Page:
New phones let Japan’s government secretly track its citizens
Japan’s local mobile network NTT DoCoMo launched five new smartphones on Tuesday that will allow the government to secretly track its citizens, reported the Japan Times. In other words, the newly launched smartphones will allow the track a user’s location without their knowledge or consent.
A company’s spokesman said the NTT previously had handed GPS data over to authorities in times of crisis, mostly connected to crime investigations.
“If requested, we provided positional information using the GPS systems on phones to emergency services such as the police, ambulance services and the Japan Coast Guard, in line with proper guidelines,” the spokesman told The Japan Times.
Current smartphone models notify a user when their position is being accessed by a third party. In the past, the Ministry of Internal Affairs and Communications required carriers to get the consent of users before handing over such data to government authorities. However, in June 2015, this requirement was removed and the newly launched smartphones are in response to the law that would allow the users’ GPS to be tracked discreetly.
The first five Docomo Android devices that come with the new feature include the Galaxy S7 Edge, Xperia X Performance, Arrows SV, Disney Mobile, and Aquos Zeta. Current DoCoMo handsets will also get a similar upgrade through a firmware update, although the precise timing is not yet known. The Galaxy S7 Edge will be available in stores from Thursday, while the rest will go on sale in June.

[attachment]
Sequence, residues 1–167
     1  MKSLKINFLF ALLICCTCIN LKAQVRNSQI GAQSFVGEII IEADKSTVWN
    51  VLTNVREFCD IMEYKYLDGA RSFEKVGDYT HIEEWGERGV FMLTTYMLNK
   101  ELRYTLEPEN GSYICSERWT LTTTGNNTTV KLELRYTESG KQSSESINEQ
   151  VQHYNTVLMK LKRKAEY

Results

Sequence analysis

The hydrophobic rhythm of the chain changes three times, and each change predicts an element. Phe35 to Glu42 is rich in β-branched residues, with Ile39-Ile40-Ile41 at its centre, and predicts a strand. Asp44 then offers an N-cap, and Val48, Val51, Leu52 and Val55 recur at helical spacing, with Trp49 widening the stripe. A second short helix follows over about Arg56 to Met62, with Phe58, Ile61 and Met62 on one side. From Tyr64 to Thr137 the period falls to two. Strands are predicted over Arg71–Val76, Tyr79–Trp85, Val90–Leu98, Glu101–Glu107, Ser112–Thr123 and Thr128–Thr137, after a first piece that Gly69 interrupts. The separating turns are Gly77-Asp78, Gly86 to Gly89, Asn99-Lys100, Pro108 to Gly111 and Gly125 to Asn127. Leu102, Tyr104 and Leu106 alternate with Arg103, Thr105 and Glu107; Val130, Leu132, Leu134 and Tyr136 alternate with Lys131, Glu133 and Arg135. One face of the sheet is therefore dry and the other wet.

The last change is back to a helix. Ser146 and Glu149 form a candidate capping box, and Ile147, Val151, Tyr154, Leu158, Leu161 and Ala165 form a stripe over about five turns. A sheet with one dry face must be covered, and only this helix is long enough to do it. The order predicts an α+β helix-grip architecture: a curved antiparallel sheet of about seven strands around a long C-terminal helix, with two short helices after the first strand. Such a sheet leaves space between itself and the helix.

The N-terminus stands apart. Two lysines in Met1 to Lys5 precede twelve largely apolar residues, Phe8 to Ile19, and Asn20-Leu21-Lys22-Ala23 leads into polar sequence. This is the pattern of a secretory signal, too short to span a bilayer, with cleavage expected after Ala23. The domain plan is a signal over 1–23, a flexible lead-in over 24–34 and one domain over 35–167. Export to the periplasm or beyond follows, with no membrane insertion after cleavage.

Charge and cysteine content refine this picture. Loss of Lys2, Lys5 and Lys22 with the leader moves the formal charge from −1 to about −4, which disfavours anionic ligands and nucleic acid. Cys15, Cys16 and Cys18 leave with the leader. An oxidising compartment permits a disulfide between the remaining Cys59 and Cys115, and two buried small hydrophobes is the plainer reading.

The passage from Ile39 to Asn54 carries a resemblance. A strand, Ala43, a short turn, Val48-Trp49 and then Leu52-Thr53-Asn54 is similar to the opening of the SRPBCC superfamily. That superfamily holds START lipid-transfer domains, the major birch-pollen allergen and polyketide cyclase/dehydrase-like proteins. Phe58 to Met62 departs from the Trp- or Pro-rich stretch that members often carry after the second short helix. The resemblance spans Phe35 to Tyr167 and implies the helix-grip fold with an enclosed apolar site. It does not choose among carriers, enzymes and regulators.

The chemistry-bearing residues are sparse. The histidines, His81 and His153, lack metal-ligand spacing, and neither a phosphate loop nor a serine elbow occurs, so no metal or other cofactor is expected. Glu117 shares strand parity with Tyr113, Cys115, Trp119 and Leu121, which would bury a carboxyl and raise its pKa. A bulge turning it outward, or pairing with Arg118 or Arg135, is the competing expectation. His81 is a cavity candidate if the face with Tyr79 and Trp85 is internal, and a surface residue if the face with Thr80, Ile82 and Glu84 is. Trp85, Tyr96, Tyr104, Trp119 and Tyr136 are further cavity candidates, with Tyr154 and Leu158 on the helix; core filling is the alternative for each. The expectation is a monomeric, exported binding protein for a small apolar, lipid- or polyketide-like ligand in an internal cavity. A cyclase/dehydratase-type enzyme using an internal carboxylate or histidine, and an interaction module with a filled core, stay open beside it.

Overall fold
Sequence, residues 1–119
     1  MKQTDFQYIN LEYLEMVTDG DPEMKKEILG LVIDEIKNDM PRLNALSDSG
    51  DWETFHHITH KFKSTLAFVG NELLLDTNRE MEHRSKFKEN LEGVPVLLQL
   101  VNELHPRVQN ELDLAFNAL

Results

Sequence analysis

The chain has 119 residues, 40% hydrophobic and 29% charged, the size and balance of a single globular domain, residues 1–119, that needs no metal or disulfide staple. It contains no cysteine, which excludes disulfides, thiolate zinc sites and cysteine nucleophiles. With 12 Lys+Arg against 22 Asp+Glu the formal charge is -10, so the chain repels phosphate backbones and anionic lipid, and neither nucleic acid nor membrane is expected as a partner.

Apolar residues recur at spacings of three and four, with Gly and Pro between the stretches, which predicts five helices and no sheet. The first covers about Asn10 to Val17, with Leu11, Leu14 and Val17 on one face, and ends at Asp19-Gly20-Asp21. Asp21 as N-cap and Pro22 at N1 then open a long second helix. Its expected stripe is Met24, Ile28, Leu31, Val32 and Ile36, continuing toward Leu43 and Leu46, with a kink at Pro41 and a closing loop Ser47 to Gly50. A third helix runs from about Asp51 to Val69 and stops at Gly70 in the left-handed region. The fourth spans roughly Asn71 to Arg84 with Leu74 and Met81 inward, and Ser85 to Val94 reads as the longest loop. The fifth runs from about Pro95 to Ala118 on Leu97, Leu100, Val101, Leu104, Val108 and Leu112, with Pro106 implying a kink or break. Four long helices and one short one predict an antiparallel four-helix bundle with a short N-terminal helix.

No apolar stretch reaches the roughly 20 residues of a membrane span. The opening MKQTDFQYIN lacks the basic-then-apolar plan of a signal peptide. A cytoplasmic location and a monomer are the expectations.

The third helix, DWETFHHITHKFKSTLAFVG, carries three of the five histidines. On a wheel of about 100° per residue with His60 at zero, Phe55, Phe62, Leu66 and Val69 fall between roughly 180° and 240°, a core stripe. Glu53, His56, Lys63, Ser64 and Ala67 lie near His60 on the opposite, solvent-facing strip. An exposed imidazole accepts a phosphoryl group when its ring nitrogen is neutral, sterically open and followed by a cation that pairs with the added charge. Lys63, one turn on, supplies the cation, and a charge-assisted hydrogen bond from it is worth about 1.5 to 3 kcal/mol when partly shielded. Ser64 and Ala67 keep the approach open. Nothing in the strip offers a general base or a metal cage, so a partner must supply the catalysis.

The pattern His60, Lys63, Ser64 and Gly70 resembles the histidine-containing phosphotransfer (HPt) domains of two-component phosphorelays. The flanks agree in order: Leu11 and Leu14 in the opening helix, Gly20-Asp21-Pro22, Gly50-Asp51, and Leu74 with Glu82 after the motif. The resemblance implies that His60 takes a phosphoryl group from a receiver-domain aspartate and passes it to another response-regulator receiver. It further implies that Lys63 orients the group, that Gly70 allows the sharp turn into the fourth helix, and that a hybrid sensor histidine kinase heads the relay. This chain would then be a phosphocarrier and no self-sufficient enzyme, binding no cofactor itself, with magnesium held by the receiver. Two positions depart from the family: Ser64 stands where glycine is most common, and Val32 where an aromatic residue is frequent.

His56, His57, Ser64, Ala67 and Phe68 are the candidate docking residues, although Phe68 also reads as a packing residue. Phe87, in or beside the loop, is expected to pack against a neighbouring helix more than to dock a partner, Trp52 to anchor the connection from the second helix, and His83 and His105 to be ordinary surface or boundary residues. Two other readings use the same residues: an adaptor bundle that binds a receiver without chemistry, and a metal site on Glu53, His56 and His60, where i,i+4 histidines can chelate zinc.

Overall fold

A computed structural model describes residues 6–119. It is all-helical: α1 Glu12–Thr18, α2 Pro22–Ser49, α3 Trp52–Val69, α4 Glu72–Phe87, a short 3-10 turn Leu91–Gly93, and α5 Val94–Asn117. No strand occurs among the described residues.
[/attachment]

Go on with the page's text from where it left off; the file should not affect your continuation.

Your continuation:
There are some experts who call the development shocking.
“This is an extreme invasion of privacy. It’s nothing like acknowledging merely which country you’re in,” said lawyer Tsutomu Shimizu. “Positional information is highly private because it reveals people’s movements. However, I understand that investigative authorities would need such information in certain situations, so there should be a law passed to help public understanding.”
He said it should be illegal for carriers to provide phone locations without notifying users.
“It is a common practice and belief internationally that personal information should not be distributed to external organizations,” he said.
However, according to Japan Times report, investigative authorities will still require to obtain a court warrant before asking carriers to provide them with location data.
Source: Japan Times